Hmmm. This isn't going to be an easy answer
because two things can vary a lot:
structure of the bone
2. The direction of the
Bones are made up mostly of protein
and minerals (calcium and others). When we're
born, there's very little mineral. Our bones are
soft, flexible cartilage. These bones don't break
very easily because they bend so well. They don't
allow you to be very strong though, since the
force of your muscles just causes bone bending
instead of moving whatever you're trying to move.
(To see what mineral-free bones are like, put a
wishbone in vinegar for a while.) So to get
strong, we need more rigid bones. The rigidity
also makes bones easier to break. If we use our
muscles, our bones get stronger too. They are
always being broken down and built up a little at
a time. As we get older, we lose bone mass,
particularly if we don't get enough calcium or we
smoke or drink. This makes bones really brittle
because we lack both flexible cartilage and sturdy
bone. Men also have denser bones than women of
the same size.
The direction of the force
makes a difference too. Find a bone picture or
model and look at the long bones of the arms and
legs. Notice that they're not straight? the
bends and shapes make bones better able to take
the stress that they normally are subjected to.
They are often very resistant to force in one
direction, but vulnerable to it in
Want to see how the damage for a
given force varies with the direction? Get small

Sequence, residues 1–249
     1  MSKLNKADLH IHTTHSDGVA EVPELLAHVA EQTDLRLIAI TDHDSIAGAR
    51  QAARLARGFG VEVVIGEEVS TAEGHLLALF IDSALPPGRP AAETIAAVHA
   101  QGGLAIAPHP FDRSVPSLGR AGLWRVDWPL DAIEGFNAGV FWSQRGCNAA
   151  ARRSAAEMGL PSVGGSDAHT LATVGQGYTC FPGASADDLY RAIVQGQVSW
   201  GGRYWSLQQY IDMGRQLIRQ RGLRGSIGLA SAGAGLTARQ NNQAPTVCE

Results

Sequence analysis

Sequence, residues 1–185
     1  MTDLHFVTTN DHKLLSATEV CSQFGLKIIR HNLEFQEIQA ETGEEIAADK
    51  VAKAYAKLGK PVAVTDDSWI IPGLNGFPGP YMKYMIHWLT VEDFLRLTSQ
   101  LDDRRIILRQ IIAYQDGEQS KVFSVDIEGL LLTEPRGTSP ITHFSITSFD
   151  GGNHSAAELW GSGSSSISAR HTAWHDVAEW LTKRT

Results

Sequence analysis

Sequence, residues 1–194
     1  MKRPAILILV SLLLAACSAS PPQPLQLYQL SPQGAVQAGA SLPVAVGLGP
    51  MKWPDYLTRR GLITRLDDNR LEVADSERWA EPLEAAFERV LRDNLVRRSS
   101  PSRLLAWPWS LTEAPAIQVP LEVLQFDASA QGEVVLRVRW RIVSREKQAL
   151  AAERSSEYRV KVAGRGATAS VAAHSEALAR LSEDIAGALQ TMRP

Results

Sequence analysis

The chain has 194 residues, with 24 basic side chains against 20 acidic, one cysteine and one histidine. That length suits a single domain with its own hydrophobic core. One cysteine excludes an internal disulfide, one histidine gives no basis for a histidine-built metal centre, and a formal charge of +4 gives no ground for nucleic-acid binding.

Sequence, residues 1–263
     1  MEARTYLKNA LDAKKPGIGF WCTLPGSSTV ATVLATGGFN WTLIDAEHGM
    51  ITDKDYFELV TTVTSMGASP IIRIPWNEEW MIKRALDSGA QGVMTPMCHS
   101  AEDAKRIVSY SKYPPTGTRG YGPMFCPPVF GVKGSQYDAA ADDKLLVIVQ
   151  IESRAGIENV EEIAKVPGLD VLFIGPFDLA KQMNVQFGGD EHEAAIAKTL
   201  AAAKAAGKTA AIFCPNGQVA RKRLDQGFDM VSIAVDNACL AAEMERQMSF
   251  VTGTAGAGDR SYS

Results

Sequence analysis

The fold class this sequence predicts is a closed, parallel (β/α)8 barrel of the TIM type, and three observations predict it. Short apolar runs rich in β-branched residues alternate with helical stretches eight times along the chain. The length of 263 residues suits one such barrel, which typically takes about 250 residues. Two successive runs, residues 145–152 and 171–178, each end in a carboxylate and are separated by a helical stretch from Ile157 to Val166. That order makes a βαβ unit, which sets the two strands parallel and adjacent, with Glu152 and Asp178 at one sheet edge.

wooden dowels of the same dimension and subject
them to the same force applied in different ways
(for example, drop the same weight on the end of
one dowel and the middle of another). Use eye
protection and other safety measures.
to see pictures of a fracture, a weird type of
splint, and healing bone? Go to:
http://www.eatonhand.com/IMG/img00019.htm DO NOT
got to this site if you're easily grossed out!
Materials are often characterized by the ultimate
strength which is the stress or pressure required
to cause fracture or breakage.This stress can be
caused by compression, tension, or shear. The
answer for the strength of bone can probably be
found in any
physics textbook (it's a pretty
popular subject). One number I found for tensile
strength is 130 X 10^6 newtons per square meter.
This might be in unfamiliar units though. What is
this value in terms of psi or atmospheres?
That depends on the bone. It is very easy to
fracture a small bone, especially if the pressure
is applied across the weakest point. I'm not sure
exactly how much pressure is needed, but I can
tell you that as little as 25 pounds of pressure
applied to one of your small bones will cause a
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